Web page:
Halal Industry

Cost of poultry production in Saudi goes up with 13% jump in feed price

| 07 July, 2018
 Mohammed Al-Abdullah
Cost of poultry production in Saudi goes up with 13% jump in feed price
FILE PHOTO: A foreign worker prepares grilled chickens for lunch at downtown Riyadh, November 27, 2007. REUTERS/Stringer

DAMMAM, SAUDI ARABIA – National fodder companies have increased prices of bird feed by 13 percent or SR150 per ton. The prices reached SR1,300 against SR1,150 per ton a few weeks ago.

“This has increased the production cost for poultry by 40 halalas per bird,” said a poultry farm investor while speaking to Okaz/Saudi Gazette.

Investors said the increased prices have covered all types of poultry feed including Badi, Nami and Nahi while the price of white poultry feed jumped from SR950 to SR1,100 per ton.

Fodder factories are planning to increase their prices further in the coming months as a result of drought that has hit agriculture in Brazil and Argentina that produce soybeans and barley, the main ingredients of chicken feed.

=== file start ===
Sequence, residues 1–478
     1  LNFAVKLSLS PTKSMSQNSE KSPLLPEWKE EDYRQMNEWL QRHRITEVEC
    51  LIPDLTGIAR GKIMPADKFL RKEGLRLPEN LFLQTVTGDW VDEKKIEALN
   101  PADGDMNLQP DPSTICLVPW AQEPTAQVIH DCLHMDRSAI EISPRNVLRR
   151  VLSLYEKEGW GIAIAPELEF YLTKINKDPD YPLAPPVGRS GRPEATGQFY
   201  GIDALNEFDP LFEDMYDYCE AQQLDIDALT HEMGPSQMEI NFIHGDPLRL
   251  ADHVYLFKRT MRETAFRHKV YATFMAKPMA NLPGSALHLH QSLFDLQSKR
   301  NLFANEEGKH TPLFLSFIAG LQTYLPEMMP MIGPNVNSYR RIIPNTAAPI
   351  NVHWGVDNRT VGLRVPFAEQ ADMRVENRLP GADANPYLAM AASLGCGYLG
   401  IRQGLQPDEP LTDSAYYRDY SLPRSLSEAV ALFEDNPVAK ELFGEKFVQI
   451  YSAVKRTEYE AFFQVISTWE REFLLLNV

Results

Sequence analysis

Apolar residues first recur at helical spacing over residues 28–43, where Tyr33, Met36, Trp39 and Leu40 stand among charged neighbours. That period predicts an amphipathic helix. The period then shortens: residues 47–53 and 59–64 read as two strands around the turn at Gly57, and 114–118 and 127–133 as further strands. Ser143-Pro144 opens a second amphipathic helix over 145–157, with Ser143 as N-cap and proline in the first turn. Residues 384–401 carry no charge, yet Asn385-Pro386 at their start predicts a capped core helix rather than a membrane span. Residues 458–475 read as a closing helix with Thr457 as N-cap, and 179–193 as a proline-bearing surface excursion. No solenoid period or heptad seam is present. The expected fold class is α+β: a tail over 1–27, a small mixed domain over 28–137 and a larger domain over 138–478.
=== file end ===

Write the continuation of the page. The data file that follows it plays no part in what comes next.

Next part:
Soybeans prices have gone up to $325 per ton in the global market while the price for barley has reached $200 per ton. Barley is sold in the local market for SR650 to SR700 per ton and soybeans for SR1,150 per ton.

“Soybeans and barley represent 90 percent of feed ingredients with barley taking 60 percent and soybeans 30 percent,” one industry expert told Okaz/Saudi Gazette.

Dr. Abdul Rahman Lutfi, a sales official at a poultry company, said the increase in fodder prices have raised the cost of poultry production by 40 halalas per chicken.

“A chicken will need 2.5 kg of feed for 32 to 34 days. As a result of the rising costs, the profit margin of poultry traders has gone down considerably in recent years. Meanwhile, chicken prices have dropped now to SR7.75 per bird from SR8.5 in Ramadan due to low demand,” he said.

Ashraf Hassan, another sales official, said if the weight of a chicken before slaughter was 2,000 grams, after the skinning it would fall to 1,300 grams.

Poultry farms in the Eastern Province supply 4 million chickens monthly while the daily consumption of chicken is 90,000. As a major option to overcome the periodic falls in demand, companies keep surplus output frozen, he said. They also export to Bahrain, Kuwait and other neighboring countries, he added.

 

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